Emotional experience is, then, not only bodily but also relational. We feel in relation to a shared world, and our feelings draw us deeper into that world. Far from being contained behind our skulls, our emotions demonstrate the porosity of our fleshly bodies, constituting a site of intimate entanglement with the world and with other people.
This fleshly entanglement is often experienced as intolerable for eating disorder sufferers. Many use language of leaking, seeping, or dissolving to describe their experiences of emotional feeling. As the body is moved in emotion, the individual may experience their embodiment in terms of threat and profound vulnerability, feeling that they are bleeding into the world and being transgressed by the nearness of the world. Emotional bodily experience endangers their very sense of integrity. Many eating disorder sufferers describe this experience of vulnerability in relation to histories of abuse and trauma, grief and loss, or rejection and neglect. They often speak of the deep sense of shame that has been etched into their flesh, of feeling that they take up too much space in the world. Many feel that their bodies are not only threatened by the world but also threatening to the world.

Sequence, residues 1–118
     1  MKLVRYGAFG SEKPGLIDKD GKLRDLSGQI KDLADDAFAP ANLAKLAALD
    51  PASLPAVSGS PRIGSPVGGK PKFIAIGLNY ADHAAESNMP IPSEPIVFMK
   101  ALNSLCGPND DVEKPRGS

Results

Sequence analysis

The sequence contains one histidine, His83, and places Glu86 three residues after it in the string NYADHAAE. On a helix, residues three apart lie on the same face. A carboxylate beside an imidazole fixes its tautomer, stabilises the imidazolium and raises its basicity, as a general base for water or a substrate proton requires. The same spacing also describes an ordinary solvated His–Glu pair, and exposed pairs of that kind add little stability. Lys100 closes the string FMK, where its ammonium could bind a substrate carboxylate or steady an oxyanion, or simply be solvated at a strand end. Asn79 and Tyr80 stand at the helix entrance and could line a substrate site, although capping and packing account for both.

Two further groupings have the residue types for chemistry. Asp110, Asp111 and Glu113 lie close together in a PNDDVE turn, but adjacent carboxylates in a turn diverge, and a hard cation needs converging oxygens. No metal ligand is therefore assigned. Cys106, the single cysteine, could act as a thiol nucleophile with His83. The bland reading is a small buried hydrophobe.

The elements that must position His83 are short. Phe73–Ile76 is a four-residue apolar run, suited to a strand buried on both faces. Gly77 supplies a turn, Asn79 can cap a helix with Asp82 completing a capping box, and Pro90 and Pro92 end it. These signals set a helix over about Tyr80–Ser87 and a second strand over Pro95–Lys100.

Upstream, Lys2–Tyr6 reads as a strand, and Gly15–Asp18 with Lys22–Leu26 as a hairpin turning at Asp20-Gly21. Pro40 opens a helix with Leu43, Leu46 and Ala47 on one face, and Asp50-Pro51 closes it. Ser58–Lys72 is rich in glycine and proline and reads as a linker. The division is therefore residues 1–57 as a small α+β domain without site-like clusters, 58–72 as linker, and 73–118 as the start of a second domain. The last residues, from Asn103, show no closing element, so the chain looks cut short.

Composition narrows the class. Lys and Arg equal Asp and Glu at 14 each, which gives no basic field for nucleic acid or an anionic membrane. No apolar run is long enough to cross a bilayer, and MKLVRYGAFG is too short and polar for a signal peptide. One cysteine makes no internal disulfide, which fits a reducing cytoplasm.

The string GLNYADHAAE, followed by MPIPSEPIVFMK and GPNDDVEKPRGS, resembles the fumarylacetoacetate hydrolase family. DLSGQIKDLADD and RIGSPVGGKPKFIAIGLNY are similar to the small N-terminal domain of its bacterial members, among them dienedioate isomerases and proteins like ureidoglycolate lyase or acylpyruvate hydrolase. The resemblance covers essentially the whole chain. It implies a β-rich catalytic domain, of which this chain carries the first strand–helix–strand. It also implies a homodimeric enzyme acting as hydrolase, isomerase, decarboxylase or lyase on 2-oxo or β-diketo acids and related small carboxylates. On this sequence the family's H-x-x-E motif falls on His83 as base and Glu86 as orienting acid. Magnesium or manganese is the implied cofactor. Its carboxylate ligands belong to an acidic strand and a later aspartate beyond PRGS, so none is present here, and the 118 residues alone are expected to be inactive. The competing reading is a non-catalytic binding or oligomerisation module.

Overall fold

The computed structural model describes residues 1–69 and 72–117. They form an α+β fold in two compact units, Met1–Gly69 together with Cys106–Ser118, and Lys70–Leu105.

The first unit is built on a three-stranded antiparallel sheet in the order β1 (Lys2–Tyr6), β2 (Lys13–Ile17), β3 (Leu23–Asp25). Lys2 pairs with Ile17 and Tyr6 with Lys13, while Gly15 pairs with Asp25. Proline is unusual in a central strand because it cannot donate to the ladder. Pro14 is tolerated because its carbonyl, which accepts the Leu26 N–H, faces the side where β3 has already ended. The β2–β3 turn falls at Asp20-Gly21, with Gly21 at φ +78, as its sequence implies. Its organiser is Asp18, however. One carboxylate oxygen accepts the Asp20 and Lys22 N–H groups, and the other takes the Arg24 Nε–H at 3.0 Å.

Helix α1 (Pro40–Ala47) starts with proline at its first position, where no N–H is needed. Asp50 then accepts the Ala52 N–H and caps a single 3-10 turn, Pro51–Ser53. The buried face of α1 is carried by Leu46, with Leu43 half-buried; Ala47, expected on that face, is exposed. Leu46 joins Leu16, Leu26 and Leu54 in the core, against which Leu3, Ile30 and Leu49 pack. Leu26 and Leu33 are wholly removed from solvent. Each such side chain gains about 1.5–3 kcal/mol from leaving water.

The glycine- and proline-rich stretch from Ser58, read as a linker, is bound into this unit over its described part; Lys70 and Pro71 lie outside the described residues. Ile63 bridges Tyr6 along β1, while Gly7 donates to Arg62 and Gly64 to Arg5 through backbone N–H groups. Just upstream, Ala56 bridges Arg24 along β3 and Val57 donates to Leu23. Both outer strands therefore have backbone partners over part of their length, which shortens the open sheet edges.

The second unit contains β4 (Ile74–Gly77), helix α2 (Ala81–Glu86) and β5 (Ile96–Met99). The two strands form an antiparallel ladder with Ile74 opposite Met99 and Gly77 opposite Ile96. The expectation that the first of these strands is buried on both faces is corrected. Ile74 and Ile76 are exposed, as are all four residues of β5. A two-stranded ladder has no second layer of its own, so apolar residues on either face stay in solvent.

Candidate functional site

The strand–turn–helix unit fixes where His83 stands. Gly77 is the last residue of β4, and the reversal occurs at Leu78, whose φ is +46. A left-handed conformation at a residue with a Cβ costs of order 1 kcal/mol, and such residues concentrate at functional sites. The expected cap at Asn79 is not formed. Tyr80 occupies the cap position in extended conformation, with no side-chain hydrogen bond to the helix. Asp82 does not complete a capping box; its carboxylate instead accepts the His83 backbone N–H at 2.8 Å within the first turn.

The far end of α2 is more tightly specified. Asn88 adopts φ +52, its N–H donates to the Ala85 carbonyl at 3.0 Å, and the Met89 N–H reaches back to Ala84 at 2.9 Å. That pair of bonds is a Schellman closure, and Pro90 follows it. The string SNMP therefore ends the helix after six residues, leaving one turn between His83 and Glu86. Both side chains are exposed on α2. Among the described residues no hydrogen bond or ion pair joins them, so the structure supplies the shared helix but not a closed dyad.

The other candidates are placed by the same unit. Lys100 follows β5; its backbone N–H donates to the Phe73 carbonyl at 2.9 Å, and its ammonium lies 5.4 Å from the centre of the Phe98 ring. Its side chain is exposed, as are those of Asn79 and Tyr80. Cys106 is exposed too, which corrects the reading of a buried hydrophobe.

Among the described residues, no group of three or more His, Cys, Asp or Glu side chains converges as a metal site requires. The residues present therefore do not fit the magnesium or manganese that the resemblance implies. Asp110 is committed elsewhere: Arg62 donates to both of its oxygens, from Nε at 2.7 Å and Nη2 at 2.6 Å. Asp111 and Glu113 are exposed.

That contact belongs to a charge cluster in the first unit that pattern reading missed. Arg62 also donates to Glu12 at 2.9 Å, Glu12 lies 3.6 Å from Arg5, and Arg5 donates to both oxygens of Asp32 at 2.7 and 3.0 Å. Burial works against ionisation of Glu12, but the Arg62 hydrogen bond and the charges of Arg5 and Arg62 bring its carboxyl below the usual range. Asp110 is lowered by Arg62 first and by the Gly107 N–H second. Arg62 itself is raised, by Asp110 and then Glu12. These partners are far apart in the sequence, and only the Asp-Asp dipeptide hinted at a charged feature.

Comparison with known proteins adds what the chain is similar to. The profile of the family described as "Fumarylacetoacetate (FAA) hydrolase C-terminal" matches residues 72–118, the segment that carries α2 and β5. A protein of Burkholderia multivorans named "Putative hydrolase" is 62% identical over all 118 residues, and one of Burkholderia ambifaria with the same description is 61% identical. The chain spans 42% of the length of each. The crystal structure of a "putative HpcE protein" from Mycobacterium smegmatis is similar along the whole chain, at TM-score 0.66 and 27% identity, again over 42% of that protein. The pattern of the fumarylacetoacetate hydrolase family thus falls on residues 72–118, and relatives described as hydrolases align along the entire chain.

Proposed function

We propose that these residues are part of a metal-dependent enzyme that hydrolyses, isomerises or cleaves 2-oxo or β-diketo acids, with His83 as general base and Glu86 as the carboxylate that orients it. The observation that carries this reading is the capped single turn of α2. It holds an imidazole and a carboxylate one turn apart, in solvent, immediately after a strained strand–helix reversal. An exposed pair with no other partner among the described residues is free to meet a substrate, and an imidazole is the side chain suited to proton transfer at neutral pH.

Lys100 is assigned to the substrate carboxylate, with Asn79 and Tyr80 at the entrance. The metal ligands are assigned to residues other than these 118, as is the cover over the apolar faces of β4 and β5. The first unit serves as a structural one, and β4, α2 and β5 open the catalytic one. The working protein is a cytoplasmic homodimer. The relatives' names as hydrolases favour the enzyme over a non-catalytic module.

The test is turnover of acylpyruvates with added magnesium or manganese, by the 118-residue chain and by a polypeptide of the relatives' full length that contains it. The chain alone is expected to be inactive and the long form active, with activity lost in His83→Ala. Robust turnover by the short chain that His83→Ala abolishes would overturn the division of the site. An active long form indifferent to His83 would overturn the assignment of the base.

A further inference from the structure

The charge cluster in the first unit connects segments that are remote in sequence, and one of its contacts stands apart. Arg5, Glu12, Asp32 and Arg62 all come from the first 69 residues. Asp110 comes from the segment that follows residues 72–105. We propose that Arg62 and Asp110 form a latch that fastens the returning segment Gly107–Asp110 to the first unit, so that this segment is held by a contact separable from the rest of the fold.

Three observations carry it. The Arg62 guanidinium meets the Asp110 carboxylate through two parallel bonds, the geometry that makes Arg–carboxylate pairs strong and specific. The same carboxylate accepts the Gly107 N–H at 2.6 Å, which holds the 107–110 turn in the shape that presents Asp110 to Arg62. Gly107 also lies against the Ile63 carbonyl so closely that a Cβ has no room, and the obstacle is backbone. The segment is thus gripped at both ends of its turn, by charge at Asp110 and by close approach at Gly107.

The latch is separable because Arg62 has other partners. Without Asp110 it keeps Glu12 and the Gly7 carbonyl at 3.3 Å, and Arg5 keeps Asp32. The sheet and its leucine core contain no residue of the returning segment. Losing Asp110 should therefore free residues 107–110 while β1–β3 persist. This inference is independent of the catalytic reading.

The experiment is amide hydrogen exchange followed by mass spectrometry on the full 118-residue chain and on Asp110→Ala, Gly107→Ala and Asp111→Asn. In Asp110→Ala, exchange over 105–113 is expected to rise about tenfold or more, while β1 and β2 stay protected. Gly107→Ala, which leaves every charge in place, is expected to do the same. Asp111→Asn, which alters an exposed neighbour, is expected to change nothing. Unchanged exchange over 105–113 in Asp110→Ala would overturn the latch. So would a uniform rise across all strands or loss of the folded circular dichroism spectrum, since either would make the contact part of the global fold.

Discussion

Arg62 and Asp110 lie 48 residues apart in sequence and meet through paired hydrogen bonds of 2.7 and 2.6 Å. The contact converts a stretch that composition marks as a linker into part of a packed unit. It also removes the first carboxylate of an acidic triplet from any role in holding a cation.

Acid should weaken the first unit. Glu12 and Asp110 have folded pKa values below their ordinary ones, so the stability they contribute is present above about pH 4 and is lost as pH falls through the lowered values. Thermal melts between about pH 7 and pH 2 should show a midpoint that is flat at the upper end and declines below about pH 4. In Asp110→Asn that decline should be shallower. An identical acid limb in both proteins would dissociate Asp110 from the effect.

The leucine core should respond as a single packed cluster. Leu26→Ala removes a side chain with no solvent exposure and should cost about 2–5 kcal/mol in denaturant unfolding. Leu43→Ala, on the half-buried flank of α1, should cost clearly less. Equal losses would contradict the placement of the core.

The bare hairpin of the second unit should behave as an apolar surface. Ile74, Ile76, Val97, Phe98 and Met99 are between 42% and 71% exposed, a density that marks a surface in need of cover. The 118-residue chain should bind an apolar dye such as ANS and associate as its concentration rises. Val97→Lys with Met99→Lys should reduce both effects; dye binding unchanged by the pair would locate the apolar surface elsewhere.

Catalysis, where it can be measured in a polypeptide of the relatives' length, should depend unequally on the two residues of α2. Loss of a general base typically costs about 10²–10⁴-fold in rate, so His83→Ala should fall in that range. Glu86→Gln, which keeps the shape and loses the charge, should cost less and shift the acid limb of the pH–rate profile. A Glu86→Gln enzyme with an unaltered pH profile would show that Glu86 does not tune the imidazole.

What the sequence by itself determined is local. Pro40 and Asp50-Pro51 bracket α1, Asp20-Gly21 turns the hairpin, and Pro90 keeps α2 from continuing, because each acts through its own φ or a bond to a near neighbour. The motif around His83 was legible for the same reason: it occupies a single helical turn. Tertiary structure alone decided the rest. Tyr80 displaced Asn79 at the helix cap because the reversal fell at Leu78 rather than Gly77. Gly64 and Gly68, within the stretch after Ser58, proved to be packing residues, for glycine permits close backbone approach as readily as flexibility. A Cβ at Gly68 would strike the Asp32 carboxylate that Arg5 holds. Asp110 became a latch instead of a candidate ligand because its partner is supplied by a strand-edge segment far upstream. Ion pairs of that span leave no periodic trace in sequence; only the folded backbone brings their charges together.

In this context, people often characterize their eating disorders as forms of anaesthetic. Food restriction, bingeing, and purging can be means of deadening emotion and cultivating numbness. This numbness carves out a safe space: it provides a “cocoon” or “protective bubble,” a “buffer” or “screen” standing between oneself and the world. Through that numbness, the eating disorder disentangles sufferers from the fleshly intimacy of feeling, drawing them into a protective space that mediates their presence to the world and to others. As the anthropologist Anna Lavis reflects, this numbness provides “a safe way to be in as well as apart from the world.” Though the eating disorder itself brings pain, fear, and despair, it becomes, as Lester summarizes, “the gravity that holds a person together.”